. . . ‘Why did they [nightingales] puff out their throats to bursting?’ The purpose was worship, to sing to their Creator, to worship God. That’s how I explained it.[2]

Later in the book, Elder Porphyrios refers again to this experience in a chapter called, ‘On Creation’. [3] At the end of the chapter, he writes:

All these things connected with nature help us greatly in our spiritual life when they are conjoined with the grace of God. When I sense the harmony of nature, I am brought to tears. Why should we be bored with life? Let us live life with the Spirit of God, the Spirit of Truth. The person who has the Spirit of God, who has Divine Wisdom, sees all things with love of God and notices all things. The wisdom of God makes him grasp all things and delight in all things.

Listen and I’ll recite my poem to you. It’s by Lambros Porphyras. [4] This captures my present state; I’ve got it constantly before me. It fits with my life.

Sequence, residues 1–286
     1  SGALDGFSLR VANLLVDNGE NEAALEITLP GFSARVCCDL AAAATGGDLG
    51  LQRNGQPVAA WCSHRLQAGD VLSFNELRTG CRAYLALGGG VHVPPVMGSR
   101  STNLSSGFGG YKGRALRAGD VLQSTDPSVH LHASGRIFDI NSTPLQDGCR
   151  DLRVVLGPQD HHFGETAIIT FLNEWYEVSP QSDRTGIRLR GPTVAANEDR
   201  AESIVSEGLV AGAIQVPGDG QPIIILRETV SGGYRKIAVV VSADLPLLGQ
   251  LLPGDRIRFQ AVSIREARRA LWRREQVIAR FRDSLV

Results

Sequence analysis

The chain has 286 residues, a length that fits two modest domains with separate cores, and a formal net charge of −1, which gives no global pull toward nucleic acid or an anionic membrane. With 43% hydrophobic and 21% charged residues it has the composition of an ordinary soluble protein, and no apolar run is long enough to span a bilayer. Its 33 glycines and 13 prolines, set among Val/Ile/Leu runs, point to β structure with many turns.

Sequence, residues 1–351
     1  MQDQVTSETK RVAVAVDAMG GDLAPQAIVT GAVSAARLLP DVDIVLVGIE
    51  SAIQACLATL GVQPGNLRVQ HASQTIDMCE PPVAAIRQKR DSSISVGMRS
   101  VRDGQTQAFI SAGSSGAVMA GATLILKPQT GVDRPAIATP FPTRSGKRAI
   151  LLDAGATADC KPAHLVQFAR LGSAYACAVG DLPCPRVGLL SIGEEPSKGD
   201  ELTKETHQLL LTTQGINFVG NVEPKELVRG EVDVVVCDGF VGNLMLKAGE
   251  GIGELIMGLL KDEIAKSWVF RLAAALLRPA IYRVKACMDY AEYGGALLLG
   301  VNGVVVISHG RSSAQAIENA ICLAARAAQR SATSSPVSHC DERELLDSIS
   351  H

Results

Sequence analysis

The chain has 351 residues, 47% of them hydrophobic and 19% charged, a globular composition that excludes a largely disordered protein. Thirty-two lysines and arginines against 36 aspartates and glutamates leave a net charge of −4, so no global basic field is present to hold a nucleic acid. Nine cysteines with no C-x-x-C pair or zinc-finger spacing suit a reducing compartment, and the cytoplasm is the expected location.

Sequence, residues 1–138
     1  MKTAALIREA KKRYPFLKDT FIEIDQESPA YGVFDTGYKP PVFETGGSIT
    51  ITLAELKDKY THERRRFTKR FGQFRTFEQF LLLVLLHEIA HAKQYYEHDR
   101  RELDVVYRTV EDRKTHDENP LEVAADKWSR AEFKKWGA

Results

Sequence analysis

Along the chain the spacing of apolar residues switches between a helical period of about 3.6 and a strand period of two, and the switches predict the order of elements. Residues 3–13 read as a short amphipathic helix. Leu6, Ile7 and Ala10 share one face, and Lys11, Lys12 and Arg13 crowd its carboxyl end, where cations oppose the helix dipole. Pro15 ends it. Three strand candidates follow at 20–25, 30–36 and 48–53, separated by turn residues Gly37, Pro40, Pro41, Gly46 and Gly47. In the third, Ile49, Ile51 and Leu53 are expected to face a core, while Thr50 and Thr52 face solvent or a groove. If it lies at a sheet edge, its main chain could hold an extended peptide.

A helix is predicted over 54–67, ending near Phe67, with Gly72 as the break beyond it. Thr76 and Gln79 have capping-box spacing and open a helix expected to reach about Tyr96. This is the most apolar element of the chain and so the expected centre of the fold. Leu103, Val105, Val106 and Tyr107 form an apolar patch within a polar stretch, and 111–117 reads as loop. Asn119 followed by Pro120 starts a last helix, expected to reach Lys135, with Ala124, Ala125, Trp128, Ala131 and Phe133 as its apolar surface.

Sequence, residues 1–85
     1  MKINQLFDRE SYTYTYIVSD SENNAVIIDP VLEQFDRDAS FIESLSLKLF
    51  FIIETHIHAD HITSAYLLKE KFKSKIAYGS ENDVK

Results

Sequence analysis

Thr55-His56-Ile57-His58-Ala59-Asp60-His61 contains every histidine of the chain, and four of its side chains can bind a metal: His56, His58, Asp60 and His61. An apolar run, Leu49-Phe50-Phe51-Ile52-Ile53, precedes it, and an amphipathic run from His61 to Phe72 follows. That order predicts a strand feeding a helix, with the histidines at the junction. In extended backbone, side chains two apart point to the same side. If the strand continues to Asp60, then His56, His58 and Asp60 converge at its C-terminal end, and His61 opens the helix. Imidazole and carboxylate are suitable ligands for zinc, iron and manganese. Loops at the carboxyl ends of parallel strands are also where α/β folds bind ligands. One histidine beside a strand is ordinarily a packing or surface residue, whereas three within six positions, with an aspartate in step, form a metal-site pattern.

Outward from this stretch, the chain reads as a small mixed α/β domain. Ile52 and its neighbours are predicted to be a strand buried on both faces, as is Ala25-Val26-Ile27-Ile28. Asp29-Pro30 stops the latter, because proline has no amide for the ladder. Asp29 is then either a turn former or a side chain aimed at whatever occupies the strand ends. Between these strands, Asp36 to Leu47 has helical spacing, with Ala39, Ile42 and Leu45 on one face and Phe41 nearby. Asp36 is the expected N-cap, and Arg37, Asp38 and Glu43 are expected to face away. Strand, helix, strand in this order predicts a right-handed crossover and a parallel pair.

If only the pine trees that cover the hillside would give
me a pileof their numberless branches,
then finding a spot in a hollow beside them,
I’d build there my dwelling, a hut low and lonely.

If only’t were summer-time, then they could give me
a couch of their dry leaves, pine needles, to lie on,
and then I would join in the song of the pine trees,
their chorus at dawn-break of whispers and rustlings.

And nothing beyond this would I wish thereafter.
And when full of joy from this life I’d be parted,
again they would lend me a few of their brances
and make me a bower, a bed everlasting. [5]